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NRI businessmen in Kenya scandal

The two brothers are prime suspects in a scandal involving the country's security-related contracts.

india Updated: Apr 04, 2006 13:33 IST

Kenyan authorities have announced a reward of Kenyan shillings 100,000 ($1,390) on the heads of two businessmen brothers of Indian origin.

The two brothers are prime suspects in a scandal involving the country's security-related contracts.

The Kenyan Anti-Corruption Commission (KACC) has not only announced the bounty but also released pictures of Deepak Kamani and Rashmikant Kamani for easy identification by the public, media reports said.

The scandal allegedly started in 2002 when the Kenyan government wanted to replace its passport printing system.

Sophisticated passport equipment system was sourced from France and forensic science laboratories for the police were sourced from Britain.

The transaction was originally quoted at 6 million euros from a French firm but was awarded to Britain's Anglo-Leasing and Finance Company Ltd, at 30 million euros.

This firm would have sub-contracted the same French firm to do the work.

According to the reports, the tender was not publicly advertised, and its details were leaked to the media by a junior civil servant.

The Anglo-Leasing sales agent was 48-year-old Sudha Ruparel, daughter of Chamanlal Kamani, one of Kenya's wealthiest men, and sister of Rashmikant and Deepak Kamani.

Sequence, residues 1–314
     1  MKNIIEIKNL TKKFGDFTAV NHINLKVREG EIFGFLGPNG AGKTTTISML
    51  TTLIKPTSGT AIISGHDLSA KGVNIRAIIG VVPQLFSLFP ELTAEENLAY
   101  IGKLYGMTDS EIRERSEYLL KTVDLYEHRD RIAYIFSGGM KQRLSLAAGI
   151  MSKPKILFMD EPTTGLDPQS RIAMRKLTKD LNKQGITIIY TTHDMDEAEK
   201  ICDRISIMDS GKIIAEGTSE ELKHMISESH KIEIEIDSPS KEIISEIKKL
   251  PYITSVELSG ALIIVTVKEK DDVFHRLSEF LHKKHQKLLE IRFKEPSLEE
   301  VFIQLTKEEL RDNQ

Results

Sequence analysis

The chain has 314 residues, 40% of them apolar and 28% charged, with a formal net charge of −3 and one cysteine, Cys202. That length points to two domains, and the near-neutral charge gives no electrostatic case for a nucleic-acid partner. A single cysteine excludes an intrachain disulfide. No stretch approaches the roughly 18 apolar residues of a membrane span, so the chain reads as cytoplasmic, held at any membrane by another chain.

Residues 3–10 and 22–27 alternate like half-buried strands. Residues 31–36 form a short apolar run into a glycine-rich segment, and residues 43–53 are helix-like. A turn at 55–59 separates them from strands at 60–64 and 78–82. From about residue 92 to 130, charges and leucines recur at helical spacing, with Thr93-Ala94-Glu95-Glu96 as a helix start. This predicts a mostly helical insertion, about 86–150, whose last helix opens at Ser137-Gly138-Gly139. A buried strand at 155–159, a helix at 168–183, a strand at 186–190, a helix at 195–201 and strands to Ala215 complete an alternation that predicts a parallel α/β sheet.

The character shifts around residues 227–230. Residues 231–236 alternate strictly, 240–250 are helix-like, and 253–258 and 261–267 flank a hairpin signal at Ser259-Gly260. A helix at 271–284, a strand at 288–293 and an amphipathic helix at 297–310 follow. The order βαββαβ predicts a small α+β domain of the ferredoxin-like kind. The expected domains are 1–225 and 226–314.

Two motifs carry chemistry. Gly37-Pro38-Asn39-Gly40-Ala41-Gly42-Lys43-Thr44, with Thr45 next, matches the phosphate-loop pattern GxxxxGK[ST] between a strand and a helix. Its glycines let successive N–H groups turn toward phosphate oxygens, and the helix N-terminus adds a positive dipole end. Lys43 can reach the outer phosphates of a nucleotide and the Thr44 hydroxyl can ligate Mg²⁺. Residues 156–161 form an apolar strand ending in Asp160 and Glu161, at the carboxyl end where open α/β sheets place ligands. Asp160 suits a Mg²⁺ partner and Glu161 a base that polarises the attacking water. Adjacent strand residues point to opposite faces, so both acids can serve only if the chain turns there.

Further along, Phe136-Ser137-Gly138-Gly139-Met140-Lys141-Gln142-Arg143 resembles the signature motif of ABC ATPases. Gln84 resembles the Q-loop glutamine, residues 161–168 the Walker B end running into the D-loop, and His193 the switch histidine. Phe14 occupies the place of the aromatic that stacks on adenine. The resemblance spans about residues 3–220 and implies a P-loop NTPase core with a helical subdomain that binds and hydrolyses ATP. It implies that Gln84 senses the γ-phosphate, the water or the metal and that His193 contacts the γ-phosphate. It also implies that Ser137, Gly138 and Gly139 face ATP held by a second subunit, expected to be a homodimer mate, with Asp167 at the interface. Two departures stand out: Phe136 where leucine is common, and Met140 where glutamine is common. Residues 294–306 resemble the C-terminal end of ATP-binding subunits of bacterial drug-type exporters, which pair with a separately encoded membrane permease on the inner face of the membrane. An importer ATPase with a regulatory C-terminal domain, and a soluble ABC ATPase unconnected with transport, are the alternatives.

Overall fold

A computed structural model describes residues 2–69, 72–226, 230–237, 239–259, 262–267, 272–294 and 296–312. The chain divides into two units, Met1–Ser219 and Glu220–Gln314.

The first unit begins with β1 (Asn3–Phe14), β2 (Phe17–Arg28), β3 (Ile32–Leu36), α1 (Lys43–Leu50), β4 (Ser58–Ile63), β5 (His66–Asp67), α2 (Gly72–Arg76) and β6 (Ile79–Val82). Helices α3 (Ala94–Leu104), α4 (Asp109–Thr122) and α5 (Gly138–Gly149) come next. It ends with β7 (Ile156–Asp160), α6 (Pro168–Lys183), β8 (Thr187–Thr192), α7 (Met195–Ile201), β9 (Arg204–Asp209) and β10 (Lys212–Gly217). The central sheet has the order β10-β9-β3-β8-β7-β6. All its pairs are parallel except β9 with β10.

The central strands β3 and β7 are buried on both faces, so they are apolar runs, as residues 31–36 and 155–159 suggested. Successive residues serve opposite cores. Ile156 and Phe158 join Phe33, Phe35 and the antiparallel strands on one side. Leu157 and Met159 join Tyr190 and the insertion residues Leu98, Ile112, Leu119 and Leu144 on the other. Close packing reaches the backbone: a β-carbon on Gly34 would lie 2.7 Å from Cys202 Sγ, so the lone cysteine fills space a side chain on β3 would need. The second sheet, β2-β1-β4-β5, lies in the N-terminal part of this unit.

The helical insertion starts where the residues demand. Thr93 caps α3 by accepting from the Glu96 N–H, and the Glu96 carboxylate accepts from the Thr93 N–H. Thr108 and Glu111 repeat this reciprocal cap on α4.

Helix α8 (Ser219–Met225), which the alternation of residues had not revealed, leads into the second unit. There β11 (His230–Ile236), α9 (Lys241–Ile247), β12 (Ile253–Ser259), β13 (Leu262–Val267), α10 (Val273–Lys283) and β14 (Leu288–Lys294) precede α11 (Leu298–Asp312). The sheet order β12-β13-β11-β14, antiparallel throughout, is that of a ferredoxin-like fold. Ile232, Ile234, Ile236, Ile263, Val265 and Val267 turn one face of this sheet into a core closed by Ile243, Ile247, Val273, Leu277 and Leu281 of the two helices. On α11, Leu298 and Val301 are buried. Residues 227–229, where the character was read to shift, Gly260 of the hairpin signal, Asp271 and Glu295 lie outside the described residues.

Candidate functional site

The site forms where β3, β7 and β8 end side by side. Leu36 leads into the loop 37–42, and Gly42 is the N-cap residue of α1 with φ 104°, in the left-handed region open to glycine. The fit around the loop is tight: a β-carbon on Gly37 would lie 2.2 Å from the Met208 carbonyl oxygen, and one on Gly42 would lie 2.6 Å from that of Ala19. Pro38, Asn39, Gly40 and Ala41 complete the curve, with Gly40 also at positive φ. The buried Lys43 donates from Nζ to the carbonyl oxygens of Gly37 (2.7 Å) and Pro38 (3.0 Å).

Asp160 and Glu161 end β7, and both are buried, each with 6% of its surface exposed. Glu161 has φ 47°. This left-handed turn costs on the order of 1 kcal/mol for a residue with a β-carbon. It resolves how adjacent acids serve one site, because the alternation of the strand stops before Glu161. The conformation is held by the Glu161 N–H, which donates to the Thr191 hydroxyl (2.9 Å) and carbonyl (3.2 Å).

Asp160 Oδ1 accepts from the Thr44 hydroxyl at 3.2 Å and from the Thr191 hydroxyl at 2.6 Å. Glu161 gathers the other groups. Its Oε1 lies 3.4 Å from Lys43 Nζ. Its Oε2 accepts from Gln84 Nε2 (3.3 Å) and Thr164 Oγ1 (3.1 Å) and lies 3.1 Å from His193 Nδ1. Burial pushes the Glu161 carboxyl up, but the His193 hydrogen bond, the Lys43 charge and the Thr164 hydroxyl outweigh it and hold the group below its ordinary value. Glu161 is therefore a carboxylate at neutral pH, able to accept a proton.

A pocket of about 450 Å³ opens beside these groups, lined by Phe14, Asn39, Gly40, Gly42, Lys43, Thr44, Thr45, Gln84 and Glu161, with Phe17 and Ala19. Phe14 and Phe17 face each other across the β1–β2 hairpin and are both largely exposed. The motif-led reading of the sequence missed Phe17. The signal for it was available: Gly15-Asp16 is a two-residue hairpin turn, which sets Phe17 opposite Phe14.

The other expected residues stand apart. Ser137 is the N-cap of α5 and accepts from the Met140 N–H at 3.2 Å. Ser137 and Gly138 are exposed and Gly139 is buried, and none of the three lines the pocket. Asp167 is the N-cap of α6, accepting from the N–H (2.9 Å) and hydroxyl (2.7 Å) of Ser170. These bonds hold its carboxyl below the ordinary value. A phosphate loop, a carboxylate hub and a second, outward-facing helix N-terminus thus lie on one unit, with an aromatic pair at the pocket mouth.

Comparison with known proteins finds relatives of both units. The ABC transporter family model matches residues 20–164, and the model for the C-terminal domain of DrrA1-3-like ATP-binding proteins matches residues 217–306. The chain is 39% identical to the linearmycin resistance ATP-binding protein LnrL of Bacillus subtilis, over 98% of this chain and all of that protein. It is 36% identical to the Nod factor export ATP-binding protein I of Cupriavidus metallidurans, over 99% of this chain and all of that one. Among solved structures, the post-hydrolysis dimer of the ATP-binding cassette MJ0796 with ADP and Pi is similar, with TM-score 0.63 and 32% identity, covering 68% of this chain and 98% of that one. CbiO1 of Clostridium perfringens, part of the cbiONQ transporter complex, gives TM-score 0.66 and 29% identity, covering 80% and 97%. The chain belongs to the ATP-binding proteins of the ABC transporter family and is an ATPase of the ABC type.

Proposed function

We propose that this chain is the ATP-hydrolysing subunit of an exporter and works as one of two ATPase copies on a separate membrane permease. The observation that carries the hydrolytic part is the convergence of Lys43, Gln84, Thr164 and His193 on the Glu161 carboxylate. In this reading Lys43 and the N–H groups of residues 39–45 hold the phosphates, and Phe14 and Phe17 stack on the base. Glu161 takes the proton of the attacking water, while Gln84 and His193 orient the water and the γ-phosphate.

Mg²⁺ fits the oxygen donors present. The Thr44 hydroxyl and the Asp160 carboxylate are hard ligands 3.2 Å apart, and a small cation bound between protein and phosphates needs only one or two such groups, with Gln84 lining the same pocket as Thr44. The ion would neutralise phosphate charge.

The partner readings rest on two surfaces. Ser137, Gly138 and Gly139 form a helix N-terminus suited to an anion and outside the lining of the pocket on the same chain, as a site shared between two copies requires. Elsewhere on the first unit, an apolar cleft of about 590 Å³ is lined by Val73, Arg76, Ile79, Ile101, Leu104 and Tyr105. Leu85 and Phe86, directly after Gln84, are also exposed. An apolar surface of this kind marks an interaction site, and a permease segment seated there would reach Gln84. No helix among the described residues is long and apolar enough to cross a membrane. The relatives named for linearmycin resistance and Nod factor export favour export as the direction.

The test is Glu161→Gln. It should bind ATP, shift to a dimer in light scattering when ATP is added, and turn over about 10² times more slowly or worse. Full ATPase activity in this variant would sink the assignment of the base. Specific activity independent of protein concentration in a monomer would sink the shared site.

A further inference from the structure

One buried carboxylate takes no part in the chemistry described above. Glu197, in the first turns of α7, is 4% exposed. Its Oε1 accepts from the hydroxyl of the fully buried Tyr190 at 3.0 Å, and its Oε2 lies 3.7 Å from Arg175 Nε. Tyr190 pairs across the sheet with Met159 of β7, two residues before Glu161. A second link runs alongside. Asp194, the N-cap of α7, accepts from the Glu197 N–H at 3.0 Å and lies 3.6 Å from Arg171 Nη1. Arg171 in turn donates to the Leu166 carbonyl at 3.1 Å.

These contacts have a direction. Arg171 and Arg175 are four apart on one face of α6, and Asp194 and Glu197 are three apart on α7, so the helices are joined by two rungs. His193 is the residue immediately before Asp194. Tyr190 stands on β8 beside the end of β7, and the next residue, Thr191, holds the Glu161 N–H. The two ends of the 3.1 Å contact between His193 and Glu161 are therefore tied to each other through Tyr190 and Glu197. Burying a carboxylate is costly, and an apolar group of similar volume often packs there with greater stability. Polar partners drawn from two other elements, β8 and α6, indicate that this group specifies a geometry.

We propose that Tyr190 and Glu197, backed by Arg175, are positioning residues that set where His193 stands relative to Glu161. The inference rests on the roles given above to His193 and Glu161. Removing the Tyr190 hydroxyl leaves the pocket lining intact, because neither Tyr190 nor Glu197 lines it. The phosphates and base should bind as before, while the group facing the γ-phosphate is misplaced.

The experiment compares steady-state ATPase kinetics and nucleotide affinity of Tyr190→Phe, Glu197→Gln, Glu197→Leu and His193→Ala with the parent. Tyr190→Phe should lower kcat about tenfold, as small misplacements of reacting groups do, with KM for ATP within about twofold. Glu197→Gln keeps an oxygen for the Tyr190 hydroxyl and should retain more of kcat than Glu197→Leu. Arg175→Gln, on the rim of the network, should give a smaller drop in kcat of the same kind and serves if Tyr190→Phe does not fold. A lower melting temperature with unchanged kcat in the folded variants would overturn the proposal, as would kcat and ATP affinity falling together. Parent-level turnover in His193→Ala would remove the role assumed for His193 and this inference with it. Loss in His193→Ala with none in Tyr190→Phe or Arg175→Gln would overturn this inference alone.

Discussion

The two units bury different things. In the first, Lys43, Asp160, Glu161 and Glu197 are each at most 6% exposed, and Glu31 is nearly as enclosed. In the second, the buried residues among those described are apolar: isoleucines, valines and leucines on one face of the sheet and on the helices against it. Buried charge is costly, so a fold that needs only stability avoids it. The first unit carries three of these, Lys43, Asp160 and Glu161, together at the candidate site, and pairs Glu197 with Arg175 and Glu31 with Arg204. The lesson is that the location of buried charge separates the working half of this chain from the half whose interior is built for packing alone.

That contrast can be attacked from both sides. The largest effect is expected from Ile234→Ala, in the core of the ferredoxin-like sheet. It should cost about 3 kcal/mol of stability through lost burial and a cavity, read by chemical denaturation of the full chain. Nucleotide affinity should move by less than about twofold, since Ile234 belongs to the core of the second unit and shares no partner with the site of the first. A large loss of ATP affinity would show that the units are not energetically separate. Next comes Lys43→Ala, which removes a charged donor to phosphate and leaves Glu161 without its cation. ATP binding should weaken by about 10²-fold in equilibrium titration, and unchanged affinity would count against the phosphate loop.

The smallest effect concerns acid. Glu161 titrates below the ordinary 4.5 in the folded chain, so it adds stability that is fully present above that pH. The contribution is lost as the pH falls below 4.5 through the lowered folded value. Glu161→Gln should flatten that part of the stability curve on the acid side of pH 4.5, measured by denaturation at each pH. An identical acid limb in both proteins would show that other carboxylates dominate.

Kenya's Public Accounts Committee (PAC) tabled a report on Anglo Leasing in parliament Friday, which names Deepak Kamani as one of the key people who are either agents, possible owners or possible directors of Anglo Leasing and other companies involved in the security-related contracts.

According to report in the East African Standard newspaper, the country's former ethics permanent secretary John Githongo told PAC that he had established that Deepak was behind the contract between Anglo Leasing and Kenya's ministry of home affairs, for the supply of tamper proof passports.

It was later discovered that the firm was non-existent and the money paid out to it as commitment fee was mysteriously returned to the treasury.

Government officials involved in the transaction, which would have cost the country billions of Kenyan shillings, refused to say who refunded the money.

Detectives working on the case said they have got good leads as to where the brothers might be and added that the duo might be arrested soon.

The Kamani family is one of the wealthiest in Kenya.

It has interests in flower farms, infrastructure, telecommunications, project financing, real estate, cotton as well as the hotel industry.